5 Things You've Seen in Rom-Coms That Are Actually Stalking

May 11th 2016

Lucy Tiven

In Hollywood blockbusters, there's nothing more romantic than a grand gesture — particularly if the object of affection is a woman, and she has made it clear that she isn't interested. After the bumbling hero makes an uninvited visit to his ex-girlfriend's home to declare his everlasting love, she doesn't file a criminal complaint; she swoons and reconciles with him before the credits roll.

Romantic comedies tell us that aggressive persistence is measures of love. But in reality, they often constitute stalking and harassment.

A February study published at the University of Michigan and reported by The Cut looked at how rom-coms influenced the way women perceived male behavior. It found that women who watched romantic comedies that rewarded or elevated aggressive romantic pursuit were more likely to find it acceptable in real life. They also had less serious views about stalking.

Here are five things you've see in romantic comedies that are actually stalking.

1. Hiring a love coach to gather information about a woman you've admired from afar and teach you how to woo her.

In "Hitch," romantic consultant Alex "Hitch" Hitchens (Will Smith) assists investor Albert Brennaman (Kevin James) in his quest to win the affections of his client, Allegra Cole (Amber Valletta).

Hitch's "date doctor" tricks are virtually indistinguishable from those of any pickup artist who teaches men how to "win" women over based on archaic and mostly sexist dating stereotypes — ignoring the reality that some women do not want or need to be "won." His method also includes digging into women's backgrounds in order to deceive them by faking common interests and experiences.

Hitch uses similarly unsettling tactics to seduce his own love interest, Sara Melas (Eva Mendes). When Hitch meets Sarah, she tells him never to call her, so he mails a walkie-talkie to her office to ask her out. How charming!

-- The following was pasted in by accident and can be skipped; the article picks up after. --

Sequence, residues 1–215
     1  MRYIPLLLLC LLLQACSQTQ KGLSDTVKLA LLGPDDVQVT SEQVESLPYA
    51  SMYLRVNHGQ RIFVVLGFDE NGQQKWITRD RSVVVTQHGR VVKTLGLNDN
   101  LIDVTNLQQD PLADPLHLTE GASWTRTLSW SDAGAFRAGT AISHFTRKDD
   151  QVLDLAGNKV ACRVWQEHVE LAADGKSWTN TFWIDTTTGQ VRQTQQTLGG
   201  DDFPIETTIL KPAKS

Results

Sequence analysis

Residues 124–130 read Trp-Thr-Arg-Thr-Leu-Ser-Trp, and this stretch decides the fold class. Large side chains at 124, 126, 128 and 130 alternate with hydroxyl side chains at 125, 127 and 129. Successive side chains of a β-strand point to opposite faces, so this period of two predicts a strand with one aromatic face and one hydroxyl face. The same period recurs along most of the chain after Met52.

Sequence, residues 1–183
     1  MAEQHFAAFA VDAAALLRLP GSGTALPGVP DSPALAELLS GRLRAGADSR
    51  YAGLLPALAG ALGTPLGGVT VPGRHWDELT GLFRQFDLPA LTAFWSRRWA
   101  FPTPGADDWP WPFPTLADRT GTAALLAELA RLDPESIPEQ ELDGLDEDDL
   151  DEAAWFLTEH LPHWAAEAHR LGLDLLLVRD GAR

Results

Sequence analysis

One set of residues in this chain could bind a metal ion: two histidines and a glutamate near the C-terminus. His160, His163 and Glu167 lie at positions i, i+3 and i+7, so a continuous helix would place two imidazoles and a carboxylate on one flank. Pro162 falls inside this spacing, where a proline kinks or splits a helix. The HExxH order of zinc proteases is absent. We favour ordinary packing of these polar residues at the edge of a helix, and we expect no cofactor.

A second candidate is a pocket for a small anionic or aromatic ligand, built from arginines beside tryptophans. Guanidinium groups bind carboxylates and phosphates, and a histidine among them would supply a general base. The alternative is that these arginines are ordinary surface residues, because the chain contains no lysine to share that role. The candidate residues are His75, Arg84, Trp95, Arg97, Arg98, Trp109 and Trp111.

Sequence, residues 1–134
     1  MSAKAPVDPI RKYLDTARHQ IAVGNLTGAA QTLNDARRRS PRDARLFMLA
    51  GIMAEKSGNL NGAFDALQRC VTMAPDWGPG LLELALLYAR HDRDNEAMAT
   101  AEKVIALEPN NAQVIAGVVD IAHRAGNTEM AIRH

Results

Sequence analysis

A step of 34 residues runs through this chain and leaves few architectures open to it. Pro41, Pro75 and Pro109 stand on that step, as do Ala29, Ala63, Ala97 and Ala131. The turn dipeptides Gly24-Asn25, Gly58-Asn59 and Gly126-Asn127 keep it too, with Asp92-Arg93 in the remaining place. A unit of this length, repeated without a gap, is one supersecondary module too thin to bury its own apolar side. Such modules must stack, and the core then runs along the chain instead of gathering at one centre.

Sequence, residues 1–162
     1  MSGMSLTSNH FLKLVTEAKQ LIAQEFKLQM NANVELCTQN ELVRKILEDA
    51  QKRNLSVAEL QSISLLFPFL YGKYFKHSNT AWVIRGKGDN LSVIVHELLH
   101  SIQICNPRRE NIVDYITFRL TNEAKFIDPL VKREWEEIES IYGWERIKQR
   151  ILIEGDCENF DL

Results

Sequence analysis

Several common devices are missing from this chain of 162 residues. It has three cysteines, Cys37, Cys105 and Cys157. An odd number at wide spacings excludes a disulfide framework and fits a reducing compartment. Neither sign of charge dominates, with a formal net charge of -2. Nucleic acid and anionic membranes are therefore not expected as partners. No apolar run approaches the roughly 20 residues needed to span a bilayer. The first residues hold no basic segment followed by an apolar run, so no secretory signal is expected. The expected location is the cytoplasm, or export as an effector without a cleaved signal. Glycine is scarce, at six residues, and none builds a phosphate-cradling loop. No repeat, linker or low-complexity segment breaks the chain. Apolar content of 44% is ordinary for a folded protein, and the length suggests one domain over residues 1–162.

Mendes' character begrudgingly agrees to go out with Smith's. He takes her on a private tour of Ellis Island on their first date — an idea inspired by creepy and unwarranted in-depth research into her family history, as The Atlantic reported.

2. Breaking and entering.

In "Twilight," hunky vampire Edward (Robert Pattinson) admits that he has been climbing through the bedroom window of his female love interest, Bella (Kristen Stewart), "for the past couple months" because he likes to watch her sleep. Her response? A steamy first kiss.

To state the obvious, entering someone's house without her permission is not romantic; it is intrusive, creepy, and illegal.

3. Showing up at your best friend's house to proclaim your love to his wife with a series of flash cards.

Love may be all around us — as the final scene of "Love Actually" suggests — but in the film, it always seems to pop up in the most unpleasant possible ways.

Mark (Andrew Lincoln) decides to declare his love for his best friend's wife, Juliet (Keira Knightley), with a set of cue cards that say things like "To me, you are perfect" and "My wasted heart will love you" while he plays "Silent Night" on a boom box.

This is only one of many gross invasions of privacy depicted as endearing romantic gestures in "Love Actually." Jamie (Colin Firth) also "spends painstaking hours learning Portuguese and flies to France to propose to his housekeeper, Aurélia (Lúcia Moniz), whom he doesn’t know at all," NME pointed out.